No, not a Bengal Tiger but damn close.
At two years old this month, Jethro (after my hero Leeroy Jethro Gibbs of favourite show NCIS) is fully grown and full of attitude. He slinks around his territory like a panther and treats me like a warm knee to sleep on/warm something to curl up in bed with/toilet cleaner/food bringer/companion and toy.
He jumps in the shower every morning to check there are no foul beasties lurking there for me. We play chase the length of the house which he particularly loves as he gets to skid on the wooden floors. We wrestle (no, not like I would with a tiger) where abouts he grabs my right arm, never my left, and continues to scratch, shred and bite. He’s not aggressive, I just play rough. We chat about cat things… Yes, in cat speak. I am adept at the intricasies and potential for disaster with this new language of which OH is completely ignorant.We head-butt (no, not me and OH) which is cat for hello.
At almost twenty five, I am THAT Cat Lady.
Don’t get me wrong, I am not as some are, a die-hard cat fanatic. In fact, I have absolutely no preference for either cats or dogs. I am not a ‘Cat Person’ or a ‘Dog Person’. I just happen to be owned by a cat and an infatuated with him. I do however see clearly now what my poor mother had been mocked for all the time I lived at home. She’s incredible; obsessive, possessive, passionate, caring, sensitive, totally hilarious, generous, opinionated, loving, creative and the most wonderful best friend. She just loves animals. They are her babies.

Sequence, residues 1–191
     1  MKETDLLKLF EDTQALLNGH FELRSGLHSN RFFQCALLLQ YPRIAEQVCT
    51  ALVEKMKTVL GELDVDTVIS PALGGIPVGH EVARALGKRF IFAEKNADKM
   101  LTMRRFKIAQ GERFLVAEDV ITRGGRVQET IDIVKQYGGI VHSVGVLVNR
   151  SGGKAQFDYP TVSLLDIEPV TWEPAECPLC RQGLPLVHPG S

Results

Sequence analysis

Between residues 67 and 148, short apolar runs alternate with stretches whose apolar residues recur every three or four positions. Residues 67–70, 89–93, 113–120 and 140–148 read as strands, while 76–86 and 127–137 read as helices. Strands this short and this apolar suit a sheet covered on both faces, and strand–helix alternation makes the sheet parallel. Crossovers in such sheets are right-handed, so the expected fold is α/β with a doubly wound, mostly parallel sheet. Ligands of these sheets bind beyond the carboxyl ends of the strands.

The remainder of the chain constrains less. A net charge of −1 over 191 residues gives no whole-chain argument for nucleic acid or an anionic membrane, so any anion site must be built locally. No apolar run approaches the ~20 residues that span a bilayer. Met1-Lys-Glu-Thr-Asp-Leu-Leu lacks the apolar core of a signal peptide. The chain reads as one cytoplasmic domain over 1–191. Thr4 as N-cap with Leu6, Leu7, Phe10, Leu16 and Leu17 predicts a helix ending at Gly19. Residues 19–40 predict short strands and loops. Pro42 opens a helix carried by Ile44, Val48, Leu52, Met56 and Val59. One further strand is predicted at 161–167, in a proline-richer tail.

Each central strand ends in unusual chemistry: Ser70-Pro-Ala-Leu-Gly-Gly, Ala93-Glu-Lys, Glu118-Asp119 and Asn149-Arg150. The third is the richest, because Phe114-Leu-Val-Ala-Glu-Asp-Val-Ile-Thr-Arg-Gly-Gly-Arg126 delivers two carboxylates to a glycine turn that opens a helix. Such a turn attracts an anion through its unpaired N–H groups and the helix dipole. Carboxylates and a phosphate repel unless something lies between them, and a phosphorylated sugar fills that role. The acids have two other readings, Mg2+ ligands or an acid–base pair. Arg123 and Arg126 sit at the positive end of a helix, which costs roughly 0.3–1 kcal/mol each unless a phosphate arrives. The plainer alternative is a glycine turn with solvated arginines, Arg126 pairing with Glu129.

My parents taught me to see. It’s not as silly as it sounds. They taught me to watch and look, question and learn. Appreciate. That is seeing. I see things when I’m out on a walk that Other Half doesn’t even look at. When I explain why that tree is so interesting or point to yet another squirrel in the grass I don’t think he gets it. I’m no new age hippy but I can tell when Jethro is hungry, when he’s bored etc. Yes, it’s part of living with him every day but it’s also more than that. Small tells from an animal are IMPORTANT and many people don’t even notice them. Body language is SO important for animals and even humans subconsciously respond to it without engaging their brains to question WHY. When Jethro starts ripping up the carpet he’s not being badly behaved, he’s just bored. When he gets what the family call ‘Crazy Eyes’ dilated pupils, we know he’s stalking something and to get out of the way. My parent’s dog does this too; we know when she’s like that, she’s in the zone and nothing will distract her. She’s killed a baby chicken this way which Mam was devestated over but the dog did give the ‘tell’. She was very obviously in the zone. Since owning a cat I’ve appreciated silence more. Dog owners never get silence. My parents’ two Wiemeraners make noise even when they’re asleep- Kim snores, as she tucks her head into her chest too tightly and Charlie dreams, making whinnying noises somewhat like a wild Zebra.
People say you don’t understand what it is to be a parent until you’re a parent. After my folks bought me Jethro, I finally get it. Or something close to it. I know when I have kids I’ll know the difference but having Jethro, a creature you’re wholly responsible for, is a huge thing. I don’t think enough animal owners understand this, let alone some parents. I would run into a burning building to save him, some people might call me crazy and I am proud to say that this kind of crazy feeling is inherited from my mother.
I just feel better when I’m with my cat and Other Half. They’re my family and what’s more important than that?